[0024] fpulse - volume _ displaced * step_ count

[0025] In the equation given above, the "volume displaced" value refers to the volume displaced by the pump in 1 revolution or "step".

[0026] Additional examples of pulsatility determination are described in U.S.

Patent Application Serial No. 14/612,820, titled "Systems and Methods for Diagnosing a Fluidics System and Determining Data Processing Settings for a Flow Cytometer", filed February 3, 2015, which is hereby incorporated by reference herein in its entirety for all purposes.

[0027] Many types of pump are generally known in the flow cytometry art for pumping fluids which are enabled to provide an accurate flow rate at either fast flow or slow flow rates. One type of pump that is particularly useful for many flow cytometry applications includes what is referred to as a "gear pump" that employs one or more gears to pump fluids by displacement of the fluid. Embodiments of gear pump have a variety of characteristics that can be varied to match the desired application which include the size of the gear, number and dimension of teeth, as well as rate and direction of rotation of the gears. It will also be appreciated that the gears can be constructed from a variety of different materials that may be selected to be compatible with the desired application (e.g. fiuoropolymers, ceramics, metal alloys, PEEK, tungsten carbide). For example, some embodiments include gears constructed with relatively large number of small teeth dimensioned to produce a relatively smooth flow rate (e.g. increase in tooth dimension typically increases pulsatility). It will be appreciated, however, that even gear pumps with small teeth exhibit levels of pulsatility in the flow rate that are particularly evident at low rates of revolution of the gears that produce slow flow rates. In the present example a gear pump may include an inner tooth count of 6 and an outer tooth count of 7 for embodiments having an outside dimension of the outer rotor of about 3mm and an outside dimension of the inner rotor of about 4mm that produces about 1.5 μΐ fluid volume per revolution. For example, for slow flow rate cytometry applications a single gear pump is inadequate for delivery of a stable flow rate required, due to the pulsatility of the flow rate.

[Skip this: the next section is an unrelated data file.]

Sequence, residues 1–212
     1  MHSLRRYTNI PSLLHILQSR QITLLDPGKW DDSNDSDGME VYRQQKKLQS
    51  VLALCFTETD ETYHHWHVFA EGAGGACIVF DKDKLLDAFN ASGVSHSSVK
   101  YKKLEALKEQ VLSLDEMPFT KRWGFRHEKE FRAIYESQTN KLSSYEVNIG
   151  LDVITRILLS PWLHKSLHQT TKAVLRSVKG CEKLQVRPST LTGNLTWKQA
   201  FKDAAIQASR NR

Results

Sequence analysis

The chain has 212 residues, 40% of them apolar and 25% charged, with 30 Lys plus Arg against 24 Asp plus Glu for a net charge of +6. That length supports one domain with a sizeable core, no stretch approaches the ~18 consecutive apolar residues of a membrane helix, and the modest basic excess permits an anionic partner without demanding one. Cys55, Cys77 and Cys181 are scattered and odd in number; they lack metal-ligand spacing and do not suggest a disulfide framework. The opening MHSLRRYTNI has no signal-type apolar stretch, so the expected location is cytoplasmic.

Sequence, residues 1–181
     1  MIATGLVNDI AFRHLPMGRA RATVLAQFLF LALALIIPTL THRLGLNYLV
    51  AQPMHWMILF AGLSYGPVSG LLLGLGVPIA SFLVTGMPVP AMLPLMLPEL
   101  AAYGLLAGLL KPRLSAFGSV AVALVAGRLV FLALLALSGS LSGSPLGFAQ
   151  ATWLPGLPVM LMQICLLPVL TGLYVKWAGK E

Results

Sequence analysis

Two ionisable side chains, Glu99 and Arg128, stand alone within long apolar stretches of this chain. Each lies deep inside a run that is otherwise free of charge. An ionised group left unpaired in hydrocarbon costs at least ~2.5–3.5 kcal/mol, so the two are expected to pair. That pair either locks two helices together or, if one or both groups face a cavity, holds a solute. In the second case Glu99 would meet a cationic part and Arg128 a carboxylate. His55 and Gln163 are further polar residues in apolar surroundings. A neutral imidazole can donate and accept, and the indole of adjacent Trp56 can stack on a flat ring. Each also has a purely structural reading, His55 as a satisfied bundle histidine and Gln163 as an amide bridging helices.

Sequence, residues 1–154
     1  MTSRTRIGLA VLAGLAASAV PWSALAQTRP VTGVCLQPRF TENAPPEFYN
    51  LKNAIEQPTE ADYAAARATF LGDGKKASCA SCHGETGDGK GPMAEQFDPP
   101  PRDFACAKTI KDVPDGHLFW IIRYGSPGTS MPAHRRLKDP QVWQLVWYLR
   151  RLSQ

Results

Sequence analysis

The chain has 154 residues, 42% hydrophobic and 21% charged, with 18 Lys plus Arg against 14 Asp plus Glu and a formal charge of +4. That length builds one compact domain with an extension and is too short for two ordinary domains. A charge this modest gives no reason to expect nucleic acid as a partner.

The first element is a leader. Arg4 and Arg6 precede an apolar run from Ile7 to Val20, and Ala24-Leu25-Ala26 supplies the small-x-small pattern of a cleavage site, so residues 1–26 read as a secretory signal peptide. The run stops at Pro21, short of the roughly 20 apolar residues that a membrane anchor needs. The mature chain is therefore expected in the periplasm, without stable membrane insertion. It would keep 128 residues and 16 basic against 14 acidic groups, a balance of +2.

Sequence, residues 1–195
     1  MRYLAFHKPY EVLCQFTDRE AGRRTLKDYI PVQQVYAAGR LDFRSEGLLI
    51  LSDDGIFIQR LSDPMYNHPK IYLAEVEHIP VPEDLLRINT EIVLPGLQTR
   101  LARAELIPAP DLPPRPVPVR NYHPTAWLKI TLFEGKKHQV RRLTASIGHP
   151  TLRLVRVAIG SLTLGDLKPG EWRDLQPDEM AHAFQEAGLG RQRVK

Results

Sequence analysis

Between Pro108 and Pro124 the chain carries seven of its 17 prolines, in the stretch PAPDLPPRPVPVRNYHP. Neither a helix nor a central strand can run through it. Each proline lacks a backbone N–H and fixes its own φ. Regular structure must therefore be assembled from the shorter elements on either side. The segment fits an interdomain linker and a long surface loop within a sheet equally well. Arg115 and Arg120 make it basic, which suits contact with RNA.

[0028] As described above, embodiments of gear pump are highly adjustable and capable of pumping fluids in forward and reverse directions across a range of flow rates. The range of gear pump embodiments is limited by the output per revolution of the pump and by the precision of speed control possible for the pump. For example, the MZR 2521 pump from HNP Mikrosysteme GmbH provides about 1.5μ1 fluid volume per revolution output and a flow rate comprising a range of about 0.15 - 9 ml/min (at a range of about 100-6000 Revolutions Per Minute (e.g. RPM)). It will be appreciated that there is an inverse relationship regarding the speed that a gear pump runs at to the level of pulsatility. In other words as the RPM of a gear pump increase the level of pulsatility decreases. Thus, gear pumps run in a state at high RPM have a low pulsatility and precise differential control of multiple gear pumps run at a high RPM state can provide a slow flow rate output with low pulsatility. For example, a first pump may be run to provide flow in a first direction at 1000 rpm and a second pump may be run at 990 RPM in a second direction that reduces the fluid flow from the first direction and thus the overall fluid flow rate of the first flow is lower. In the present example, a high RPM state may include a range of about 900-6000 RPM.